Chesley is referring to funding for market stabilization programs like risk adjustment, reinsurance, and risk corridors. These programs reduced the financial risk for payers to take on sick, high-cost patients. At the time the ACA was written, legislators had assumed enough healthy patients would enroll in the individual market to cover costs within a few years.
Their assumption was wrong, which is causing premiums to rise now. The Obama administration has attempted to fight rising premiums by encouraging more people to sign up for insurance. However, a similar push to expand coverage by a Republican administration is unlikely. Republicans could address rising premiums by reinstating and funding market stabilization programs, but there isn’t much motivation for them to fix the ACA exchanges.
Payers likely to proceed with caution
With so much uncertainty surrounding Republicans’ plans for health reform, payers are having a difficult time planning for the future. “It’s hard for insurers to know how the market is going to change over the coming months and years,” said Ira Parghi, a San Francisco-based attorney for Ropes & Gray.
Like most of the nation, many payers expected Hillary Clinton, the Democratic nominee for president, to win the recent election. Even without a Democratic majority in Congress, Clinton would have used the influence of the executive branch to enact fixes to ACA exchanges and countered Republican efforts to dismantle the law.
Even though many payers were losing money on health plans sold on the ACA exchanges, it seemed many had been willing to continue their participation because they believed the next president would help to stabilize the individual insurance market, according to Chesley.
He pointed to one Ropes & Gray client that had been an active participant in the ACA exchanges. The client had planned to explore new markets and to introduce new products, However, with unknown changes on the horizon, the payer is “taking a serious pause” and stepping back from that strategy, Chesley said.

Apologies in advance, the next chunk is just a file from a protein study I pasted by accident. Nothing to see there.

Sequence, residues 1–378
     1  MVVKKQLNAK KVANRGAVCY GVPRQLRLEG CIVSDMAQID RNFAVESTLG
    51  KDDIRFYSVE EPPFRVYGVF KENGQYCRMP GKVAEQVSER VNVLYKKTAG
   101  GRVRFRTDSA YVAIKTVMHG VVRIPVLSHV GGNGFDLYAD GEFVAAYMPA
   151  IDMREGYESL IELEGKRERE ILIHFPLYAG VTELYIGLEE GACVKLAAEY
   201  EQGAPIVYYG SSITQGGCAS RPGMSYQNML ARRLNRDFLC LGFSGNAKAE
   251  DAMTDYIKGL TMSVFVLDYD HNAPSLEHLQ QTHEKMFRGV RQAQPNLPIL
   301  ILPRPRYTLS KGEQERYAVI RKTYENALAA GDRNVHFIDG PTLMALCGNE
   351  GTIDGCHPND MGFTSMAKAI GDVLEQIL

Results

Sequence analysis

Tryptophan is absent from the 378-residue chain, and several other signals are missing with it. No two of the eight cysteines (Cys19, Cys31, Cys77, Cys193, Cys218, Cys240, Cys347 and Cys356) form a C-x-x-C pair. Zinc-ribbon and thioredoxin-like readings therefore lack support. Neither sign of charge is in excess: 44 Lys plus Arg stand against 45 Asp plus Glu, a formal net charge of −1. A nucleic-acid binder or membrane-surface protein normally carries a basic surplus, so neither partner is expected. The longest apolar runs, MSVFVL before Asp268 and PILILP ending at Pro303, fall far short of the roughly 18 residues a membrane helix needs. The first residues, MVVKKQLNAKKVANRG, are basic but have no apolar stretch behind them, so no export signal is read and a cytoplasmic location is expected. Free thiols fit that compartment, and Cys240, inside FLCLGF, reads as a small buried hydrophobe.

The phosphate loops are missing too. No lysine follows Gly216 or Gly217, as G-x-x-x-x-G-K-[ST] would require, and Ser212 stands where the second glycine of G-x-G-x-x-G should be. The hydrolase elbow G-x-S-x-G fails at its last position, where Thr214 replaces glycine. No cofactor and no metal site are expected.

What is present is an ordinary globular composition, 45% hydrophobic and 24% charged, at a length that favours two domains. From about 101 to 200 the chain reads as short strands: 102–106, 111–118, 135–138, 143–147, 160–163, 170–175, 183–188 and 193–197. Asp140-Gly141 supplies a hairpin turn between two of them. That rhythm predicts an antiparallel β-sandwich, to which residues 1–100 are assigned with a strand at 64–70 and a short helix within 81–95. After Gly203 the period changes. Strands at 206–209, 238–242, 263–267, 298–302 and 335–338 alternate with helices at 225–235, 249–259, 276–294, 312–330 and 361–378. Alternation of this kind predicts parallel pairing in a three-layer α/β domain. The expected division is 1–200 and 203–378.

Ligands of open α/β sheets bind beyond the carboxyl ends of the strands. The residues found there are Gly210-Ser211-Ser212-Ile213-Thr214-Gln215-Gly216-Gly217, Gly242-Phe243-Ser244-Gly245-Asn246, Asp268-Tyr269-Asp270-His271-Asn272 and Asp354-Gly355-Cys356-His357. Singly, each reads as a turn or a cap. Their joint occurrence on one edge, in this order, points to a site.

There will likely be other consequences to uncertainty created by the unexpected results of the election, according to Chesley. “Whenever there is a substantial amount of uncertainty, you see a couple of effects: a chilling effect on deal making and a reluctance to invest new capital.”
Payers might flee insurance exchanges if Republicans repeal the ACA with no replacement plan implemented at the same time, causing significant disruption in the individual insurance market, according to a recent analysis from the American Academy of Actuaries (AAA).
One topic recently coming across the wires is the idea of GOP "bailing out" the insurers to stabilize the market, an idea they were strictly against during the Obama administration. It's unclear if such a strategy would work without getting politically dinged.
For now, it appears that Republicans will proceed along a path that keeps some elements of the ACA or delay full repeal. This approach will not do much to stabilize the individual insurance market. A policy like guaranteed issue that requires payers to sell health plans to patients with preexisting conditions is popular, but it doesn’t mean much if there are no payers sticking around to sell plans on the ACA exchanges, Bulleit said.